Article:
Full Text Available BACKGROUND AND OBJECTIVES: Subacromial impingement syndrome (SIAS is a painful condition resulting from the entrapment of anatomical structures between the anterioinferior corner of the acromion and the greater tuberosity of the humerus . Subacromial impingement syndrome (SAIS of the shoulder is the most common disorder of the shoulder , accounting for 44 - 65% of all complaints of shoulder . SAIS is usually treated conservatively , but sometimes it is treated with arthroscopic surgery or open surgery . Conservatively treatment includes rest , cessation of painful activity , ultrasound therapy , laser and physiotherapy focused at maintaining range of movement and avoids shoulder stiffness . NSAIDS’s and ice packs may be u sed for pain relief . Therapeutic injections of corticosteroid and local anesthetic may be used for persistent impingement syndrome . Hence this study aimed to compare and see the effectiveness of ultrasound , kinesio taping and exercises with low level laser , kinesio taping and exercises . STUDY DESIGN : Comparative study design SETTING: Out p atient Department of Orthopedics , Kempegowda Institute of Medical Science Hospital and Research Center , Bangalore. Out p atient Department of Physiotherapy , Kempegowda institute of Physiotherapy , Bangalore . OUTCOME MEASURES: Visual analog scale (VAS for pain , Shoulder ROM , Shoulder pain and disability index (SPADI . METHOD: For this study 60 patients with chronic SAIS of both the sex were randomly divided into group A and group B . Group A were treated with Ultra sound therapy for 5 minutes along with shoulder exercise and kinesio taping 5 times per week . Group B were treated with LLLT for 3 minutes along with exercises and kinesio taping 3 times per week . Both the groups were treated for 3 weeks . Patients were evaluated with VAS , ROM and SPADI score on 1 st day , 1 st week , 2 nd week and 3 rd week . RESULT: Both groups showed clinically and statistically significant

  20. Burden sharing in the implementation of the Climate Convention

    International Nuclear Information System (INIS)

    Burden sharing in the actions needed to reduce greenhouse gas emissions has proved so far to be the most intractable problem in the implementation of the Climate Convention and the Kyoto Protocol. We analyzed the contribution of non-Annex I countries to the GHG emissions in the period 1850–2010 to assess their relative contribution to total GHG emissions. In the period 1850–1990 non-Annex I countries represented 44% of the total but this contribution increased in the period 1990–2010 to 56%. If we extrapolate present trends to 2030 they will represent 69% in the period 1990–2030. The “historical responsibility” of Annex I countries is therefore decreasing. If we take 1990 as the starting year in which the Climate Convention recognized clearly that greenhouse gases are interfering dangerously with the climate system, it is evident the need of non-Annex I countries to engage with Annex I countries in the effort to reduce emissions. We present three options for the burden sharing in such effort. -- Highlights: •Implementation of the Kyoto Protocol did not reduce global GHG emissions growth. •Defining burden sharing of emissions is key to the success of climate negotiations. •Accounting for historical emissions involves too many uncertainties. •Developed countries have already presented pledges to reduce their emissions by 2020. •Emissions of developing countries became dominant and they must act to reduce them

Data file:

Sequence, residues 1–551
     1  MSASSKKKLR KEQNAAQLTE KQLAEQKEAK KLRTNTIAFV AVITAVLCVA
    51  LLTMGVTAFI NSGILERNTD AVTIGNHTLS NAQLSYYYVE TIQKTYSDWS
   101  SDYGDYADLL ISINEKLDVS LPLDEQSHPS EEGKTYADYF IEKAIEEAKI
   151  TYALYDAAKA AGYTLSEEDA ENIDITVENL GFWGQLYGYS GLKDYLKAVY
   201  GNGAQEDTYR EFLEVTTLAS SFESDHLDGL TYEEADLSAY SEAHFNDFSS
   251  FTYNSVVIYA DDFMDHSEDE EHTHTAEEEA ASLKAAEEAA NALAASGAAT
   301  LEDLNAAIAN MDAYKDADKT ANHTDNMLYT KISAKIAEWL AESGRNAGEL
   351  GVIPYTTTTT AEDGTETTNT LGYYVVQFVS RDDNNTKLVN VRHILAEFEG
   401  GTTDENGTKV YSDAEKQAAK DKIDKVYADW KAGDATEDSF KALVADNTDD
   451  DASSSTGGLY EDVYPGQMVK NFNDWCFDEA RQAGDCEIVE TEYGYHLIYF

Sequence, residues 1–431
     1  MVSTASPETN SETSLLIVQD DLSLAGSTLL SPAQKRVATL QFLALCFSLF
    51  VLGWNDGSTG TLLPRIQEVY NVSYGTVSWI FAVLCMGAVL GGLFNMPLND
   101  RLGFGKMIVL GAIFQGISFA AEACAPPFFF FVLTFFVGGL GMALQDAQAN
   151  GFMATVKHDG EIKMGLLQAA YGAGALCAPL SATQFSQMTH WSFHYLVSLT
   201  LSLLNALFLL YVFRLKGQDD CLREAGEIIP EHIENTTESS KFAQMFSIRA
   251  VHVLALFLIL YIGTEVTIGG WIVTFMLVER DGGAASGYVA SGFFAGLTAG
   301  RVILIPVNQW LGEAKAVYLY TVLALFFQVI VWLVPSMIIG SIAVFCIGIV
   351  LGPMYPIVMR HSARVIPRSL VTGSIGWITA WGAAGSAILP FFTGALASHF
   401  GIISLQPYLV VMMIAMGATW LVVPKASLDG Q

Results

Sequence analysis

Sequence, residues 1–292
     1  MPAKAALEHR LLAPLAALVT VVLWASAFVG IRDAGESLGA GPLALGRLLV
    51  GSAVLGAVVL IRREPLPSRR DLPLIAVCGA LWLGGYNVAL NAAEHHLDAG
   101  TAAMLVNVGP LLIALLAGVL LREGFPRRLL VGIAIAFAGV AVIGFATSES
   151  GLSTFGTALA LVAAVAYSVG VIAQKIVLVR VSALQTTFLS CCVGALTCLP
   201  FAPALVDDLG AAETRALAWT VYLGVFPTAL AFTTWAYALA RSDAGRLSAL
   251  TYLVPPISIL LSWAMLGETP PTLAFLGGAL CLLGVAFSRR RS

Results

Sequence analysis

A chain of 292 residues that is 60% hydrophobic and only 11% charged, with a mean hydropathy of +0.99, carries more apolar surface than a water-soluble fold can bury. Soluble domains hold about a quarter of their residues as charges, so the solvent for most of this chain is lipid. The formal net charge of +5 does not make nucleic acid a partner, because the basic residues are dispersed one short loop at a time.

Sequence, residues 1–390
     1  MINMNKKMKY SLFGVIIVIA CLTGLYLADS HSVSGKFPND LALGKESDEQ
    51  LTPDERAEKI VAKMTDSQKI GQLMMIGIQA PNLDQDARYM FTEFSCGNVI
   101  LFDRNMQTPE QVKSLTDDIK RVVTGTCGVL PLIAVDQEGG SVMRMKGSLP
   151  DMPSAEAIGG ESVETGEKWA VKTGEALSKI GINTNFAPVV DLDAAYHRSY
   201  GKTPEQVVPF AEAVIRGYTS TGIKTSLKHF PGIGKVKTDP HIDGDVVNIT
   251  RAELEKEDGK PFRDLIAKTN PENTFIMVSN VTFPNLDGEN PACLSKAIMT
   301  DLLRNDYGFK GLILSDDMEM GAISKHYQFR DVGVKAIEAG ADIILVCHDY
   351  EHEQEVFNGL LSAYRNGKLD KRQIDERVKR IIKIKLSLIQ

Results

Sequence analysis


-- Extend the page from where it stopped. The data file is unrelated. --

1. The burden of non-communicable diseases in South Africa.

    Science.gov (United States)

    Mayosi, Bongani M; Flisher, Alan J; Lalloo, Umesh G; Sitas, Freddy; Tollman, Stephen M; Bradshaw, Debbie

    2009-09-12

    15 years after its first democratic election, South Africa is in the midst of a profound health transition that is characterised by a quadruple burden of communicable, non-communicable, perinatal and maternal, and injury-related disorders. Non-communicable diseases are emerging in both rural and urban areas, most prominently in poor people living in urban settings, and are resulting in increasing pressure on acute and chronic health-care services. Major factors include demographic change leading to a rise in the proportion of people older than 60 years, despite the negative effect of HIV/AIDS on life expectancy. The burden of these diseases will probably increase as the roll-out of antiretroviral therapy takes effect and reduces mortality from HIV/AIDS. The scale of the challenge posed by the combined and growing burden of HIV/AIDS and non-communicable diseases demands an extraordinary response that South Africa is well able to provide. Concerted action is needed to strengthen the district-based primary health-care system, to integrate the care of chronic diseases and management of risk factors, to develop a national surveillance system, and to apply interventions of proven cost-effectiveness in the primary and secondary prevention of such diseases within populations and health services. We urge the launching of a national initiative to establish sites of service excellence in urban and rural settings throughout South Africa to trial, assess, and implement integrated care interventions for chronic infectious and non-communicable diseases. PMID:19709736